The National Cyber Security Centre has 10 steps to follow for cybersecurity. This guidance was released to help companies protect themselves from cyber attack.
It sets 10 tasks for defending your networks and systems as well as data management and security. The 10 steps to cybersecurity were originally published in 2012 and are now used by a majority of the FTSE350.
To help guide you through these 10 steps we've broken down each one and given you some more detail on why they are important and how you can start to tackle them.
Set up your risk management regime
Start by assessing the risks to your company's information and your systems. Before you can start with cybersecurity you need to understand the risks your company faces. This will enable you to prioritise the biggest threats and ensure that you give them an appropriate response.
Having a risk management regime will help you keep the company up to date with your cybersecurity efforts. It will also let you adjust your approach as new threats appear.
Protect your networks from attack. The connections from your networks to the internet can be vulnerable and can be exposed. It's impossible to remove all those vulnerabilities but remove as many as you can.
Filter out unauthorised access or malicious content and continue to monitor and test these security controls.
User education and awareness
You need to teach your employees their responsibilities and how they can prevent data breaches. They play an important part in your company's cybersecurity. 88 per cent of UK data breaches are caused by human error.
Staff training can take on many different forms. There are introductory options online or you can go as far as certified courses. The level of training will depend on your business and the level of risk you face.
Malware can infect your company in many different ways. In can be sent as an email attachment, sneak through a vulnerability in your applications or even be physically plugged into a computer in a removable drive.
Your company will need to implement anti-malware software and create policies to help prevent your employees from falling victim to cybercriminals.
Removable media controls
USBs and other removable devices are the source of many security issues. Not only are they often used to inject malware but they are also involved in many insider incidents. Employees are prone to losing removable devices or leaving them plugged into computers where unauthorised parties can access them.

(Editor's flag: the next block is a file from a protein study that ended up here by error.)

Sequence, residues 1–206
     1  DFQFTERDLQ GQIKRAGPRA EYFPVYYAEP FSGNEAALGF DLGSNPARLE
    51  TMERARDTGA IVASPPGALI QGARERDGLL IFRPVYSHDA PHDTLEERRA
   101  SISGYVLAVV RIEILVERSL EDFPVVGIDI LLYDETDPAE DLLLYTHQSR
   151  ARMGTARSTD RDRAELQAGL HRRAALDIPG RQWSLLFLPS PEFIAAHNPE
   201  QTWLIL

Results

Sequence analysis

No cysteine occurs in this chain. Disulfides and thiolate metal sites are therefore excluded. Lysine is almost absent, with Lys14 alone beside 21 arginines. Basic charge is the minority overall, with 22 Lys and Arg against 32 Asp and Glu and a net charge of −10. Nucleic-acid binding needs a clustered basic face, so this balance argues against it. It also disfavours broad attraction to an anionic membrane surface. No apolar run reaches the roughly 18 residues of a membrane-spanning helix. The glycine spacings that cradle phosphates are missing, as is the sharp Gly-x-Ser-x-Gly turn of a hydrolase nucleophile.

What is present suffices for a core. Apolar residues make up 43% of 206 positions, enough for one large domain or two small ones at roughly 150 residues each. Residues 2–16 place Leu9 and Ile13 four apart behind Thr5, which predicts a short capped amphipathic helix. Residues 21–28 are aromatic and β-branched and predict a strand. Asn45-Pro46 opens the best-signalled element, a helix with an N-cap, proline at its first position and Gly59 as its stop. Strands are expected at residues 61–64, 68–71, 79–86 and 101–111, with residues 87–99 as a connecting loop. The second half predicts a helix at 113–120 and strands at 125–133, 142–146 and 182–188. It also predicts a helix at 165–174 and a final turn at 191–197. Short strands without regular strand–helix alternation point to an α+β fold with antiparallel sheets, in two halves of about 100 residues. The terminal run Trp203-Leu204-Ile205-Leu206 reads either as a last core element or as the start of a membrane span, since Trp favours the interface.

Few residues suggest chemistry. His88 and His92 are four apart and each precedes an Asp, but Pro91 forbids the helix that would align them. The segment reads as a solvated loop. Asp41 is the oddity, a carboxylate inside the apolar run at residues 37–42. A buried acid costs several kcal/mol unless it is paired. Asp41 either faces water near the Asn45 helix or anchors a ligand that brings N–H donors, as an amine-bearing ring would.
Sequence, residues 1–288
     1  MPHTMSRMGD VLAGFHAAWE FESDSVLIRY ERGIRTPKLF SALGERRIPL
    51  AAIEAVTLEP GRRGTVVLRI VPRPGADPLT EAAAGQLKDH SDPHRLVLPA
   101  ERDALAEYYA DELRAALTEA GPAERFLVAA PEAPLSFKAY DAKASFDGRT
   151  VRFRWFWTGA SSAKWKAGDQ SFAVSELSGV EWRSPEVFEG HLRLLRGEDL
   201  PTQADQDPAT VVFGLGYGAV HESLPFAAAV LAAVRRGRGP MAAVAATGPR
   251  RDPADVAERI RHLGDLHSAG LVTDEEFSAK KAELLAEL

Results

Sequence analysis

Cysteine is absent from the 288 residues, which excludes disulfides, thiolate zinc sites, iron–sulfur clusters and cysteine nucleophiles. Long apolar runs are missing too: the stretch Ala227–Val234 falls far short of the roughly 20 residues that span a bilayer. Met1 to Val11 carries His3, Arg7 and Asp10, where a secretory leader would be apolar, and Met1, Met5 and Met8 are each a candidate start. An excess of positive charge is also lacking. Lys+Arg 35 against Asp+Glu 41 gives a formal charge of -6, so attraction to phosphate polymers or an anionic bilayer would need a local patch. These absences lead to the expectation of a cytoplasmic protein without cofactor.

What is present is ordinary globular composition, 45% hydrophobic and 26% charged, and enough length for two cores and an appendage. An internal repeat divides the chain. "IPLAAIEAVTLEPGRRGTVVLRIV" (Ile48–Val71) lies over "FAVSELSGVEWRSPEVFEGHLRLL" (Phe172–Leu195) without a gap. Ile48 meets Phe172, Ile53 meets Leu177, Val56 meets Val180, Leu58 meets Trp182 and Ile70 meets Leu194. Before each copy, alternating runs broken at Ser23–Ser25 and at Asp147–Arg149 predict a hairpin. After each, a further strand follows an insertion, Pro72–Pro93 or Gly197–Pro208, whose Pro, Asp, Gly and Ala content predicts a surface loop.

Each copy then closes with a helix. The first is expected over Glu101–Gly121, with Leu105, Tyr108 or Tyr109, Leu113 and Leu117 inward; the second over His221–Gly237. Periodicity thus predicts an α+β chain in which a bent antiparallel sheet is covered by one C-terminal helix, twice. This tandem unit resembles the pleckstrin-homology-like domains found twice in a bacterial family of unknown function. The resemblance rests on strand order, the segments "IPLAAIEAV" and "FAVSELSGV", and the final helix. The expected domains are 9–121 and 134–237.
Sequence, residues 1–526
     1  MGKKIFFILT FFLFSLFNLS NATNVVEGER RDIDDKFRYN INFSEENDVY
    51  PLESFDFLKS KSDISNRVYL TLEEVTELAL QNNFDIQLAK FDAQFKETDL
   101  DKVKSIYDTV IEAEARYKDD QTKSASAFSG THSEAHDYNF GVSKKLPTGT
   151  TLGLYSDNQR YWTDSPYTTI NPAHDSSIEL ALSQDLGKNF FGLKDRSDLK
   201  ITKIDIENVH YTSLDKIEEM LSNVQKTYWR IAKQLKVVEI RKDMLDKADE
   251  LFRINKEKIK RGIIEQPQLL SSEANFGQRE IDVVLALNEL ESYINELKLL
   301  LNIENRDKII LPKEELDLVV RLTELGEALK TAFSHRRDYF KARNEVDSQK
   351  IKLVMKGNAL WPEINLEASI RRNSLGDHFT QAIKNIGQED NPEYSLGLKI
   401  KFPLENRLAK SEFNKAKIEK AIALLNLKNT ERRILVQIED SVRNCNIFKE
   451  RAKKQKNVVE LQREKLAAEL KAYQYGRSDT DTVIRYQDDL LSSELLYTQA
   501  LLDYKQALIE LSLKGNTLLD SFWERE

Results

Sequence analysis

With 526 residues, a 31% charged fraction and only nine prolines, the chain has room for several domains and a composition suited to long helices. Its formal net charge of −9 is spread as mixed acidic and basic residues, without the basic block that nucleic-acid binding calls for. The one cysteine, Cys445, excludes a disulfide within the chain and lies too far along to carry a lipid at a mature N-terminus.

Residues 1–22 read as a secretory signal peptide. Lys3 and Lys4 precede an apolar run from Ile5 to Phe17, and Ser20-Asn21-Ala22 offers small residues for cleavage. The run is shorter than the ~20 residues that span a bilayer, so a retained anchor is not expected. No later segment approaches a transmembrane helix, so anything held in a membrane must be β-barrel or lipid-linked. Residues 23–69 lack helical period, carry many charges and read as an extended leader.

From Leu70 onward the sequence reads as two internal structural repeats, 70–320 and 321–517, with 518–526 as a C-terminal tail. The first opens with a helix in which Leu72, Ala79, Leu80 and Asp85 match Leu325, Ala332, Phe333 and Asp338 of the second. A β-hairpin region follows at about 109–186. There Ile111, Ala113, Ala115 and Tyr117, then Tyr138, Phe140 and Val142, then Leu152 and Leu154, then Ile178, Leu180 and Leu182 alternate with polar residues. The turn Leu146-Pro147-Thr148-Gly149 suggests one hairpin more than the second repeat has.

Produce a policy to control all access to removable media. Limit media types and use. Scan all media for malware before importing onto the corporate system.
Misconfigured controls are one of the most common causes of a data breach. Using a database or CRM that is not properly secured or not installing software updates is an example of misconfigured controls.
Creating a policy around configuration can ensure that you remove unnecessary functionality from systems or you install updates to known vulnerabilities promptly.
Managing user privileges
Your company should know who needs access to what data. Using access controls means employees can only access information that is relevant to their roles. This restricts access to data and means there are fewer access points that hackers can use to breach your security.
This will help prevent sensitive information being accessed should someone gain unauthorised access to an employee's accounts. It will also make it harder for employees to steal sensitive information.
No matter how strong and in-depth your cybersecurity measures are you will face a security incident at some point. That is why you need an incident response plan and a disaster recovery process.
Prepare for a security incident and establish policies and procedures. This will help you limit the damage of an incident and get your business back up and running as soon as possible.
Monitoring enables you to detect successful or attempted cyber attacks. Often when a business is hacked they are not even aware of it and that gives the hacker longer to either steal more information or move their way deeper into your network.
System monitoring will help you identify incidents quickly so you can initiate the correct response. It will also show you how criminals are trying to attack your company. You can use that information to improve your defences in the areas being targeted.
Home and remote working
Remote working is becoming more common-place but it has its own security risks. Remote workers don't get the same physical and network security that is provided inside of your office.
Employees working away from the office are also likely to be using their own devices to access your data or your network. You will need to make sure that the correct security is added to those devices.
Much of this advice offered by the NCSC mirrors that of Cyber Essential, as they are both Government-backed. Cyber Essentials is the government-backed scheme that guides companies to an essential level of cybersecurity.
By gaining the Cyber Essentials accreditation you will have peace of mind that you have put in place the essentials of cybersecurity.